4/4/2014 8:30 PM
Bump, because too many greats progs are taking longer than they should to fill...if you've never played a progressive before, it is the most fun you can have on WIS. Give it a try.
9/1/2014 8:55 PM
Some of this stuff is in the first post, but I thought it would be worth highlighting a few things, as helpful guidance for newbies.  I've got about 40 seasons as commissioner under my belt (some people have many many more), but my experience is that newbies have a very high turnover rate.  Some of this is probably due to not knowing what's expected of you when you join...some is probably the simple fact that the owner skill-level in most progressives is very tough, and newbies can be daunted by what it takes to put together a competitive team.

So I wanted to share two posts...one on what's expected when you join a prog, one on some basic thoughts on prog strategy.

As to what's expected of you, here are some guidelines.  These should certainly be classified as "my opinion", but I expect most prog commissioners will have at least directionally similar expectations:

  • If you join a progressive, plan to stay with it for at least a calendar year (probably 4-5 SIM seasons).  This is the absolute MINIMUM expectation that a commissioner will have of you when you join a league.  I've seen too many examples in the past year of new owners joining a lot of progs in a short time, and then (realizing that it's a lot of work) dropping out of almost as many after only a season or two.  Or joining a prog without having read the rules and then deciding "it's not for me."  If you're new to progs, please consider joining no more than 1 or 2 until you really know what you are getting into. It's exceptionally bad form to join a league and then leave it after 1-2 seasons.  And it's absolutely deplorable to leave a team that you have decimated through trades, or when you have traded away a future #1 pick.  Of course, we all understand that "life happens", but if you know you need to leave a progressive, give the commissioner lots of advance notice so he can find a replacement for you.  Just going MIA, or dropping out 48 hours before the annual draft starts is a good way to tick off a lot of people.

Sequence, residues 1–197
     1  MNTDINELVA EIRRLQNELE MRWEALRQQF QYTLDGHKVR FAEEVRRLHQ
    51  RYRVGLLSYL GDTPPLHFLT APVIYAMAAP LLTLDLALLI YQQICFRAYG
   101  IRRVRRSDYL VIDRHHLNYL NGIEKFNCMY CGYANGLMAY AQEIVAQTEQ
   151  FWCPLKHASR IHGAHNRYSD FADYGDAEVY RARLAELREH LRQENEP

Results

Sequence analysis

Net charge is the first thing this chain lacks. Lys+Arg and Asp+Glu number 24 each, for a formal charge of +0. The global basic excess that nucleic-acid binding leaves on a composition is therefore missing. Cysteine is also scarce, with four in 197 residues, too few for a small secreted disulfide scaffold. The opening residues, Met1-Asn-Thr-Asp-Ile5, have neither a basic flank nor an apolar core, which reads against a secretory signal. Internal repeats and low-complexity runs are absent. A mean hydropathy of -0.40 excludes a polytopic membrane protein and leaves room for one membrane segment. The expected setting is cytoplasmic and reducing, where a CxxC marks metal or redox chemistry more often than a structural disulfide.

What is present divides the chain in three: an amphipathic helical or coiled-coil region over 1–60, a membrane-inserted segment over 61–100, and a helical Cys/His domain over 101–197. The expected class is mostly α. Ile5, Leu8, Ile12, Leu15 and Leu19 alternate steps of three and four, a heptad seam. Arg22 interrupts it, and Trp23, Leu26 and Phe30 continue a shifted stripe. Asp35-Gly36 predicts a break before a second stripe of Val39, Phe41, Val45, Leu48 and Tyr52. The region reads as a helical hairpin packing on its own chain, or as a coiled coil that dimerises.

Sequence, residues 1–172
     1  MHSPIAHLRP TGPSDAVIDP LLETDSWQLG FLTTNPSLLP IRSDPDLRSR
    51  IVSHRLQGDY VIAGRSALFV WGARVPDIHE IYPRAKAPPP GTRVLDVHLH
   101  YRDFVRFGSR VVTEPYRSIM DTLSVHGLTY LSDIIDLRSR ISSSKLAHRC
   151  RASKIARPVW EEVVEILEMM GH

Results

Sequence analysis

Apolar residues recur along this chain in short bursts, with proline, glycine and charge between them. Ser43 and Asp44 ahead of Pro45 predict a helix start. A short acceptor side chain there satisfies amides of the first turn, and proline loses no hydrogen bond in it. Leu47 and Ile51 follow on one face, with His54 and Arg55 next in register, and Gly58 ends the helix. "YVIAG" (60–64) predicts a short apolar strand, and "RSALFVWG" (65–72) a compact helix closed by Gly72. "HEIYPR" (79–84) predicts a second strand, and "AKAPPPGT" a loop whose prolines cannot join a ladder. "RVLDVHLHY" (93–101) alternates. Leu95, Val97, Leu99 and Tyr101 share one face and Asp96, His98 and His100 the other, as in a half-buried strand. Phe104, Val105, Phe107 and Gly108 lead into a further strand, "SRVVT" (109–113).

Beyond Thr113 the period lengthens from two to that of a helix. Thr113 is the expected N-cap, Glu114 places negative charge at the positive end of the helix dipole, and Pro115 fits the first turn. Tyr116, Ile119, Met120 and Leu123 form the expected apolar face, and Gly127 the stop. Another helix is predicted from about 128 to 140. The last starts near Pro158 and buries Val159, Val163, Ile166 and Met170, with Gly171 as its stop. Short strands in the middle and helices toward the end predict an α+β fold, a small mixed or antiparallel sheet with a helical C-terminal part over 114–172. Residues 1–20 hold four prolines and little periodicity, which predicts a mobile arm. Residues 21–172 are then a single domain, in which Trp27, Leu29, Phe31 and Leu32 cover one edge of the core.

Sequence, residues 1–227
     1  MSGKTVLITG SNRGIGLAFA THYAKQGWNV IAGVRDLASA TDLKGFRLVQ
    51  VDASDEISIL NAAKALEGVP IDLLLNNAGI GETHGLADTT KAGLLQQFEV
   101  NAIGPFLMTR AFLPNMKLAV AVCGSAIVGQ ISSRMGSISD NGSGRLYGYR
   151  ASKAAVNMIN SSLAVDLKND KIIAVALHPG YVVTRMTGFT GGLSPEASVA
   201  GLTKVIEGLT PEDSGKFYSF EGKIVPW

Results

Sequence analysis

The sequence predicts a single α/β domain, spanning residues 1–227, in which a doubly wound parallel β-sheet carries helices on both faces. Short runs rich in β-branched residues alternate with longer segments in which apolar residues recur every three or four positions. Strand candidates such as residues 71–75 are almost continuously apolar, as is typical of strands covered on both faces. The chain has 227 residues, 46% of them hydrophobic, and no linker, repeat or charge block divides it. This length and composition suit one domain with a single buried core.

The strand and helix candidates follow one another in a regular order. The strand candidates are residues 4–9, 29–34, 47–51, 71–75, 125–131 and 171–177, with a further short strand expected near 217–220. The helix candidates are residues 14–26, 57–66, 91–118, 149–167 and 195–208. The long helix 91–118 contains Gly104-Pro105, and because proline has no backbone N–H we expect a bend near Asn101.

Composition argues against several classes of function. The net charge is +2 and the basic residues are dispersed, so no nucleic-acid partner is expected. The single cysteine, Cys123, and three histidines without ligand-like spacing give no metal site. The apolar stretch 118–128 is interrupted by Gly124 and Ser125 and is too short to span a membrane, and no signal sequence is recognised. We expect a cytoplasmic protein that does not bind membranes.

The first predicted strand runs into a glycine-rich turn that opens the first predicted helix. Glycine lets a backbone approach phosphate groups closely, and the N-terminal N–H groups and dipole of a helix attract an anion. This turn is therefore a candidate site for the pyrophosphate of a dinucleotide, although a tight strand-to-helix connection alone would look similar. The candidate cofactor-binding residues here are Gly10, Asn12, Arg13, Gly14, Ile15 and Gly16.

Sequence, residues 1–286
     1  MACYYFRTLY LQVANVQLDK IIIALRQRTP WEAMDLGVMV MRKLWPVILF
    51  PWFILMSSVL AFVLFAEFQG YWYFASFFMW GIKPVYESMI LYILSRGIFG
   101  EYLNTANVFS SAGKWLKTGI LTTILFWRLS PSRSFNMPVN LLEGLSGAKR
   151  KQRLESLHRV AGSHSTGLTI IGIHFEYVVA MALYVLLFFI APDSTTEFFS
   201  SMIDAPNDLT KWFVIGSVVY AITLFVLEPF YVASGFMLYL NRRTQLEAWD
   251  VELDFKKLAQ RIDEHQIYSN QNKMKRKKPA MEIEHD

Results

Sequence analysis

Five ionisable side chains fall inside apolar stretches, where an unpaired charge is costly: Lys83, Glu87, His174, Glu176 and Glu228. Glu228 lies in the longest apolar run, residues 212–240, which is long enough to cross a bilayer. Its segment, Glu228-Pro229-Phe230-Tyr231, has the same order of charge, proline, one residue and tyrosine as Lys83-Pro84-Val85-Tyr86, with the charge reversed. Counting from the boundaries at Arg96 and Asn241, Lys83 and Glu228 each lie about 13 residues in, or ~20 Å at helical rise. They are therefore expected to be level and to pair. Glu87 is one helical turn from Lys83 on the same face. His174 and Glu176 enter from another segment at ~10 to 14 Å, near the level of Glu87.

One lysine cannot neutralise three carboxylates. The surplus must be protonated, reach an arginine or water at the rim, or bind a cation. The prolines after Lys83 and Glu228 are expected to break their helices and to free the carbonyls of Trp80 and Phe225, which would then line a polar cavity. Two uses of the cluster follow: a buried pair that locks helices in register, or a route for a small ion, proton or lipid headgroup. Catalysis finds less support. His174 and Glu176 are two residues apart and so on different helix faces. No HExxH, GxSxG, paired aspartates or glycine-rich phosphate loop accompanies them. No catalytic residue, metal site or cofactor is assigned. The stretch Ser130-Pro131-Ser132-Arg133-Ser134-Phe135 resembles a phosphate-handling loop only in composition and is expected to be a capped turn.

• Bears repeating: If you are rebuilding your team...stick with it until the team is at least in decent shape...even if the commissioner does something to tick you off.  Saddling some other owner with your lousy roster, and bereft of draft picks because you traded a bunch away in your last pennant drive...poor form.
  • When you join a league, it is your responsibility to know the rules.  Not all progs are the same, by any means (drives me crazy when owners post an ad looking for new owners and say "standard progressive rules."  There is no such thing.)  Most leagues have a constitution or similar post that explains everything like how draft orders are determined, how many keepers you can have from season to season, any restrictions on trading of draft picks, etc.  You should read this stuff - and get your questions answered - before joining the league.  I've only kicked an owner out of a league once, and it was because he (a) either didn't read or didn't take the time to understand the rules and (b) used forum posts and sitemails as a way to (profanely) whine about things he didn't like.  Probably THE most important thing to know is how draft order is determined...and there are many ways of doing this: